Elizaveta Sushchenko (cello)
Andrey Ivanov (piano)
Cello Sonata in A minor, Op. 36
Sonata for Cello and Piano in G minor, Op. 65
Cello Sonata in G minor, Op. 19
Host of the concert: Elizaveta Sushchenko
Having won fame as “the poet of the piano”, Frédéric Chopin wrote almost all of his music for that instrument. He made an exception for just one other instrument – for the cello. Chopin loved the cello for its deep timbre and he often wrote themes in his pieces for piano that imitated its sound.
Chopin wrote three works for cello solo with the direct participation of his close friend, the Paris Conservatoire professor and renowned performer and composer Auguste Franchomme, who was considered to be the finest cellist of his age.
The Cello Sonata was to be Chopin’s last major work. He worked on the sonata for two years, from 1845 to 1846. In a letter to his sister the composer complained that, writing the sonata, he “wrote little and crossed out much”, thanks to which one may draw conclusions about the extremely painstaking selection of material. Throughout the work, Chopin manages to retain an ideal balance between the soloists, who emerge as equal partners and attentive interlocutors. Chopin dedicated the sonata to Auguste Franchomme, together with whom he performed it for the first time. The premiere in Paris proved a tremendous success and was to be the final appearance in Chopin’s career as a performer. It was to be a unique “summing up” of his collaboration with the French cellist: it was with Franchomme that Chopin took his first steps on the way to glory in France, and together with him, now as an acclaimed maestro, he completed this journey.
In the legacy of Sergei Rachmaninoff, the chamber ensemble genre is represented by just a few compositions. The most frequently performed of those are only two Piano Trios dating back to the composer’s early period, and the Sonata for Cello and Piano.
The time when the Sonata was composed falls on the period of Rachmaninoff’s creative upheaval, when his crisis ended. Chronologically, it coexists with his Piano Concerto No. 2. The two compositions, whose first performance days are just a month apart, have easily perceivable intonations in common. The Sonata is also related to the Concerto by the composer’s attitude to the piano part, which is unfolded and virtuoso like in a concerto, sometimes coming to the fore. It is no coincidence, that in the autograph and lifetime editions the sequence of instruments is indicated precisely as “for piano and cello”, and not in the usual reverse order.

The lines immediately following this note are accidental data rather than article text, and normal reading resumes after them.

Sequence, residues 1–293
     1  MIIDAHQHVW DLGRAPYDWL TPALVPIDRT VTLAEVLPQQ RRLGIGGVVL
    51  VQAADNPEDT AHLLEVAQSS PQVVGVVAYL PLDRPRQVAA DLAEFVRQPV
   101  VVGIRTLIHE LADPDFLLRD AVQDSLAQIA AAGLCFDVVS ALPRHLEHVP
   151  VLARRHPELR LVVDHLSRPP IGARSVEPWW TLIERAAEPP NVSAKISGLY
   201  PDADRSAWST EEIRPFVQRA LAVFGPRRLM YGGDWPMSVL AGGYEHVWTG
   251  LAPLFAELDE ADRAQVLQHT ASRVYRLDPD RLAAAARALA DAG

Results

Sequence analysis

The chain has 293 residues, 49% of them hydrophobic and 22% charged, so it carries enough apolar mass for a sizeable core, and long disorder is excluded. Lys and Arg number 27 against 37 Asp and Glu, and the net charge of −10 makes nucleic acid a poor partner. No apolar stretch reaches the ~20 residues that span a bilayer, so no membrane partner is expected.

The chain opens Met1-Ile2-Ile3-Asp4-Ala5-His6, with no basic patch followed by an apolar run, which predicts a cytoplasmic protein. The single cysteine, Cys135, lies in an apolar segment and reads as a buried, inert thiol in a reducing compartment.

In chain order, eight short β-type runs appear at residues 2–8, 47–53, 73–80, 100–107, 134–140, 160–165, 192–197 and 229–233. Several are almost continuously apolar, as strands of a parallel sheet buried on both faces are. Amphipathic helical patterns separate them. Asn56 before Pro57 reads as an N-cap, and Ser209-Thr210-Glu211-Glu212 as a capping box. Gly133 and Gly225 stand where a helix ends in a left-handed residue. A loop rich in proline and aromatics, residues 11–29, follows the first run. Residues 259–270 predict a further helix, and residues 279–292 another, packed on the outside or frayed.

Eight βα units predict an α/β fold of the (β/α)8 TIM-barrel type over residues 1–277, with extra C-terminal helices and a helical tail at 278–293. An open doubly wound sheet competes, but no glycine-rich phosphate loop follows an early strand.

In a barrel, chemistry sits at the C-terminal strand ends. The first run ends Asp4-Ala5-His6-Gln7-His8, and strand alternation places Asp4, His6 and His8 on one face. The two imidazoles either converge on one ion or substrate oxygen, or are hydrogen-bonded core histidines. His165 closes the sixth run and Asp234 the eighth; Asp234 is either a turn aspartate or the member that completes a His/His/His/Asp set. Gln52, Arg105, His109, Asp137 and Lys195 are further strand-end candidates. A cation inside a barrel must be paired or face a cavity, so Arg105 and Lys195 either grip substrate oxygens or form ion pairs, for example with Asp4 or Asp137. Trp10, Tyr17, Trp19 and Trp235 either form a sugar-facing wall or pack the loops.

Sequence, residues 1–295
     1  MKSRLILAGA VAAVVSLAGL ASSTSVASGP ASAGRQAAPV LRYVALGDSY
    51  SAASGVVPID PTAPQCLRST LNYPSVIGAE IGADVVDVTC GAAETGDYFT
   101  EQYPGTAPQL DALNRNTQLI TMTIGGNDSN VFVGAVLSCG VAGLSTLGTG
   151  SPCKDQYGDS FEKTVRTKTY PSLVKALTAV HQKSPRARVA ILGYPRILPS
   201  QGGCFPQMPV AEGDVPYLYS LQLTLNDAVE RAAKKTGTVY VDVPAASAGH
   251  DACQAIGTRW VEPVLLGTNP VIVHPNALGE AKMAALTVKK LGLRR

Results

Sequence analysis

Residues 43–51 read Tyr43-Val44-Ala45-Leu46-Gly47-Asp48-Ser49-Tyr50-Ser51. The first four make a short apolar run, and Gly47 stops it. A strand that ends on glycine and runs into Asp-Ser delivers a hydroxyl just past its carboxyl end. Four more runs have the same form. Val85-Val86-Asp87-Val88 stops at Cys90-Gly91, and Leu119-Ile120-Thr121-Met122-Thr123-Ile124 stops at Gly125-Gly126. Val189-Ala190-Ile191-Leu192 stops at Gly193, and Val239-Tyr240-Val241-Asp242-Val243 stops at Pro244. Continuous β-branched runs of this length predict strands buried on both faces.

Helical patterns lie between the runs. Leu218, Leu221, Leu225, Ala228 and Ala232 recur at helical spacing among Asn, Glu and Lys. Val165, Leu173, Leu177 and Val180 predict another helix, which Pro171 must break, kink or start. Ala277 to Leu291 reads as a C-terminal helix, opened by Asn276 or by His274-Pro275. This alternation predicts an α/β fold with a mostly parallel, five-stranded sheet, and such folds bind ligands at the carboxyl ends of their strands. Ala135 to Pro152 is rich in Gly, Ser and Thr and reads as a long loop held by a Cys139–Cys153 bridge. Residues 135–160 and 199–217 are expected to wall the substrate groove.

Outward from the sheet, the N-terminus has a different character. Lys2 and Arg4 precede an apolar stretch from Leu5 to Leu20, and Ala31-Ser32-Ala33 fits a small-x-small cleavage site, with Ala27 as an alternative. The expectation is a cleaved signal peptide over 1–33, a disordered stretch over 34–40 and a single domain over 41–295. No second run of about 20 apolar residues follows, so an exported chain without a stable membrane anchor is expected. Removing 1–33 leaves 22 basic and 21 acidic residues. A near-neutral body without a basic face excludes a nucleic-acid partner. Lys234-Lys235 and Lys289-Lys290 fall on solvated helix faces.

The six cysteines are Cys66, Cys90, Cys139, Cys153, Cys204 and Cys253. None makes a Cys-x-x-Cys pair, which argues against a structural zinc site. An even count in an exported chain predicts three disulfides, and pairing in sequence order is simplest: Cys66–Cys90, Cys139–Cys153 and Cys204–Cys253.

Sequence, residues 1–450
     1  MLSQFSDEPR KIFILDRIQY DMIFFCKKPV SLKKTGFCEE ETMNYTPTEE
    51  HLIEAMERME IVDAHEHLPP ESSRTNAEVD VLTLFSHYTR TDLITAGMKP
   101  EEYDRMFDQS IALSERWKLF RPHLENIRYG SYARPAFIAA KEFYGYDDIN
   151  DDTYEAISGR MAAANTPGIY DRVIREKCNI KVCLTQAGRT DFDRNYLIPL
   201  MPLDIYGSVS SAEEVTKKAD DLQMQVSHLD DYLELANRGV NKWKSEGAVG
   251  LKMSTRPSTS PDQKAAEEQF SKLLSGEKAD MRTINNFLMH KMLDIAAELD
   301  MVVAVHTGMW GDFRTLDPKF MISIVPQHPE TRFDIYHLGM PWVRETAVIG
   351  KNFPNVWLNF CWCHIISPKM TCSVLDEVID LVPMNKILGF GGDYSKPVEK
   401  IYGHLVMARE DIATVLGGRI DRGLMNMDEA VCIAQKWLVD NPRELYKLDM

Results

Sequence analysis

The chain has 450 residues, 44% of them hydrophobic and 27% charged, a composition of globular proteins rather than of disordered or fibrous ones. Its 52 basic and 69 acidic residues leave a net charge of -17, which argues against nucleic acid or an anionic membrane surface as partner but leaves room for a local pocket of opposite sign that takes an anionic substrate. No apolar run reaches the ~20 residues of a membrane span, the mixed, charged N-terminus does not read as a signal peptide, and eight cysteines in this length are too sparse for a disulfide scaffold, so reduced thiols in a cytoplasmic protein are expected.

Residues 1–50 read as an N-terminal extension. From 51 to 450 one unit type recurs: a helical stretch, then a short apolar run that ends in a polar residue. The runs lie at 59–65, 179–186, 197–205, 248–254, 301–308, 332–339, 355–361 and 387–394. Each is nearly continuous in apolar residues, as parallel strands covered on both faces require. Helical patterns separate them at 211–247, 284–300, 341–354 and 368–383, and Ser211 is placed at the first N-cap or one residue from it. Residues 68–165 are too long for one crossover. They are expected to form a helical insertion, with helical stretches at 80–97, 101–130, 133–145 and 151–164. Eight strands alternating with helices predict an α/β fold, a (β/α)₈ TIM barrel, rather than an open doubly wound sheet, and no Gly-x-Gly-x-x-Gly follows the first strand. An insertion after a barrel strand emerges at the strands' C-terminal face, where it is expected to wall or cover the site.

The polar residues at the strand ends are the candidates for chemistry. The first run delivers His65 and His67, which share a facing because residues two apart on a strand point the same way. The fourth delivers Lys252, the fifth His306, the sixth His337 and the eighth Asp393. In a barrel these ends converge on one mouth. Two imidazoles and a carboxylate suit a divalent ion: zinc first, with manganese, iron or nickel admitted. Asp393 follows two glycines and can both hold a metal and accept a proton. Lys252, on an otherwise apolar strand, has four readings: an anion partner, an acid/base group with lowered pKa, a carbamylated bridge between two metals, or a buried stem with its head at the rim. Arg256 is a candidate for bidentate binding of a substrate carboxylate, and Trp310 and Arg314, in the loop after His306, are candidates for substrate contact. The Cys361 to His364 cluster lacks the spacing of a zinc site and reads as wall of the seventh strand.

The Sonata has four movements: tense and dynamic Allegro moderato with slow introduction; disturbing scherzo-tarantella; Andante, which the pianist Konstantin Igumnov considered one of the pinnacles of Rachmaninoff’s lyrics; finally, a bright and festive finale, whose quiet ending gives way to a jubilant coda with subsequent return of the main theme of the first movement in a major key.
The Sonata is dedicated to its first performer, outstanding cellist Anatoliy Brandukov, a friend of Pyotr Ilyich Tchaikovsky (the latter has dedicated Pezzo capriccioso to him).
In the legacy of Edvard Grieg, chamber instrumental ensembles are also relatively few. In addition to small pieces and works that have remained unfinished, he has composed three Violin Sonatas, one String Quartet and the Cello Sonata. Grieg wrote it marking a return to composition following an almost two-year break, when he had been preoccupied with his conducting duties at the Bergen Musikselskabet Harmonien and had not had time to compose music.
Grieg dedicated the Sonata to his brother, John, who was a professional cellist but rarely performed. The premiere performance took place in Dresden. The cello part was performed by Friedrich Grützmacher, and a few days later the Sonata was performed in Leipzig by another famous German cellist Julius Klengel. The composer himself was at the piano both times. Although he did not consider this Sonata to be his outstanding achievement, later he would include it in his own performance programs, in particular, into one of his last concerts in May 1906 (the cello part was then performed by Pablo Casals).
The main theme of the first movement is sustained in a dramatic, impulsive spirit. The peaceful “oasis” of the secondary theme counterpoints it; however, being further developed, it also gets melancholic minor tones. In the coda, one can notice echoes of Grieg’s more famous Piano Concerto in A minor. In the slow second movement, the main role is played by the theme previously used by Grieg in the march from the Incidental music to Bjørnson’s play Sigurd Jorsalfar, but here it appears in a different guise. For the first time, it sounds in the “crystal” upper register of the piano, then moves on to the cello and undergoes a number of changes throughout the movement. The finale, preceded by a small solo cello without accompaniment, is built on two well-recognized elements characteristic of Grieg’s music: the rhythmic figure of the Halling (a lively Norwegian dance) and a descending three-tone motif. The extensive and somewhat lengthy coda is affirming the triumphant major intonation.
The highlighting of performances by age represents recommendations.
This highlighting is being used in accordance with Federal Law N436-FZ dated 29 December 2010 (edition dated 1 May 2019) "On the protection of children from information that may be harmful to their health"